Neomi Rao Becomes First Parsi Judge To Be Nominated To USA’s DC Circuit Court

Neomi Rao, who has led the Trump administration’s push to curtail agency regulations as its Deregulatory Leader, will succeed Brett Kavanaugh on the Washington DC Circuit, whose docket is teeming with administrative disputes. Neomi will be nominated to fill the vacancy left by Justice Brett Kavanaugh on the US Court of Appeals for the DC Circuit, US President Donald Trump announced on Tuesday, 13th November, 2018, during a Diwali ceremonial lighting ceremony at the White House. “I won’t say today that I just nominated Neomi to be on the DC Circuit Court of Appeals, the seat of Justice Brett Kavanaugh,” Trump said, 24 hours before a planned announcement. “She’s going to be fantastic — great person.”

The President has interviewed Rao, who currently serves as administrator of the Office of Information and Regulatory Affairs, an agency within the White House Office of Management and Budget. Rao is on leave of absence from George Mason University Scalia School of Law, where she is an Associate Law Professor. Asked to say something by Trump, Rao responded with “thank you very much, Mr. President, for the confidence you’ve shown in me. I greatly appreciate it.”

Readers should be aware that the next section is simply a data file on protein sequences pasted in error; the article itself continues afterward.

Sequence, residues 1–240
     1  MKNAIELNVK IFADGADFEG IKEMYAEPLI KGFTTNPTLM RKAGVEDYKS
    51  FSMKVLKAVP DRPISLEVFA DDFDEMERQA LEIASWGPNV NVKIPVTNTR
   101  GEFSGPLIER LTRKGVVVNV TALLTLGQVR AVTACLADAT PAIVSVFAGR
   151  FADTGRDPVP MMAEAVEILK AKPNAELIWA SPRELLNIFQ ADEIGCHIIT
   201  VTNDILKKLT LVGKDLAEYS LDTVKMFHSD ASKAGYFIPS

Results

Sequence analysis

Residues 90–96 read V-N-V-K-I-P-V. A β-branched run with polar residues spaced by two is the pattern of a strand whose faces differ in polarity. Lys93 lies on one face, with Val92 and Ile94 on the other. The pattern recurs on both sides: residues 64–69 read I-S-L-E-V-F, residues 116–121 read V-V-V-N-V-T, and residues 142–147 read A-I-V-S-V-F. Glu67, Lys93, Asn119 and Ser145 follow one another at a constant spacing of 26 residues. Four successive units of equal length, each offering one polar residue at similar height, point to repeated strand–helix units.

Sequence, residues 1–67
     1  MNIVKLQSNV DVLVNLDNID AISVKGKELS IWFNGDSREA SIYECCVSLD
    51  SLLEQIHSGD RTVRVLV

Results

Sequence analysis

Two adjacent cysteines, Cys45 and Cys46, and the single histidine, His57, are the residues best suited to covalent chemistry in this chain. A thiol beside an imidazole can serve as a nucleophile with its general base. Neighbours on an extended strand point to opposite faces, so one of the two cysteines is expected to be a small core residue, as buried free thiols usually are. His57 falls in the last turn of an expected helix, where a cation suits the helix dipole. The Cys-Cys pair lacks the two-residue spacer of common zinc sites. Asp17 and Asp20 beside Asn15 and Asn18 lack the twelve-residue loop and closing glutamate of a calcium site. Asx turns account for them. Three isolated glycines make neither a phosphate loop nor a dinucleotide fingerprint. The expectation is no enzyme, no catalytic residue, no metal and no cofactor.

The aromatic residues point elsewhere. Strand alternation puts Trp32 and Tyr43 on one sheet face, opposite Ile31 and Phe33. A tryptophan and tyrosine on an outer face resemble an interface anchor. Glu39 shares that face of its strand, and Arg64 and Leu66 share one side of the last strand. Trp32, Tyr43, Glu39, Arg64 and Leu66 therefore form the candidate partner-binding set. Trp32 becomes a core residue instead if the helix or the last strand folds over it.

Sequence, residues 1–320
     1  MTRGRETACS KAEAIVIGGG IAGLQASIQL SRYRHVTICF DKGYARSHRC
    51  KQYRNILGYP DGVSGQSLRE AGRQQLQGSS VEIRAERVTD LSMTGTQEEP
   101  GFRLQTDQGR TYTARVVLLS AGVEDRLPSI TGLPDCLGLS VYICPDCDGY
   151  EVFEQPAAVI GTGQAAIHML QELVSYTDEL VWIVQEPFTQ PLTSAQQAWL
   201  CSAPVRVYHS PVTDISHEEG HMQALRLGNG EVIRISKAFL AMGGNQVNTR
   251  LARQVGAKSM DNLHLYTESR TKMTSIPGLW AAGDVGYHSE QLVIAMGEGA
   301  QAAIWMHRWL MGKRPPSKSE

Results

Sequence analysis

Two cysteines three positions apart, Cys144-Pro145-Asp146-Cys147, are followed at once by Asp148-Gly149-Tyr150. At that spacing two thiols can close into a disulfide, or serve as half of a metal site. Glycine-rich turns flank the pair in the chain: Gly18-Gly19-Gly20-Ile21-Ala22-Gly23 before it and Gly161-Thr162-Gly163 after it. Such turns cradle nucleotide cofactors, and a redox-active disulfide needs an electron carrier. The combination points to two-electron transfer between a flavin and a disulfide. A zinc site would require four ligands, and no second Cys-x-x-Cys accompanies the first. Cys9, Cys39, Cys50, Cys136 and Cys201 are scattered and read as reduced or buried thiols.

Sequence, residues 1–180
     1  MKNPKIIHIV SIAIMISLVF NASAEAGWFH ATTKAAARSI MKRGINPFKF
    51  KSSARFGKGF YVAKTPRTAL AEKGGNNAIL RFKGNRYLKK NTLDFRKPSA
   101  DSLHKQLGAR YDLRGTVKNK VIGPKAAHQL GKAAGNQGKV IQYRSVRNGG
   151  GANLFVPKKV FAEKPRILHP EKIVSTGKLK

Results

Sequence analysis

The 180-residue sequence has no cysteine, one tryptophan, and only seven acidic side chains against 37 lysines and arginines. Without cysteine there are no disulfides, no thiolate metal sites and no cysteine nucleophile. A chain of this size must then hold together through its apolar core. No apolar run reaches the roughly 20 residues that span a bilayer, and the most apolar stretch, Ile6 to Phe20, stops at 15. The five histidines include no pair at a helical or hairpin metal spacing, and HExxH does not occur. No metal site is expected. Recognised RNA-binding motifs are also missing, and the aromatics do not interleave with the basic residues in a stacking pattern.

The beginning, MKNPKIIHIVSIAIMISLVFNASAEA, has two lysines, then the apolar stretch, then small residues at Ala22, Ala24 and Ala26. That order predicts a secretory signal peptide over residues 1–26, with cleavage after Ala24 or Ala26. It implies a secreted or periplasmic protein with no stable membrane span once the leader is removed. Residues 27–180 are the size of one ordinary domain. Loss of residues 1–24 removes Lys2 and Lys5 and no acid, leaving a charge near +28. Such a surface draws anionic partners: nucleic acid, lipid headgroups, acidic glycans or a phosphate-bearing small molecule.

Rao, who confirmed to lead the Office of Information and Regulatory Affairs last year, has spearheaded the Trump administration’s deregulatory agenda. If confirmed by the Senate, Rao would rise to a court widely considered the second highest in the nation, in part because it receives the bulk of cases challenging the federal government’s actions. In its reviews of those actions, the DC Circuit regularly weighs how much deference is owed to federal agencies.

In joining the White House last year, Rao took leave from her position as a law professor at George Mason University’s Antonin Scalia Law School, where she also founded the school’s Center for the Study of the Administrative State. She also previously served as an associate counsel at the George W. Bush White House, from 2005 to 2006.

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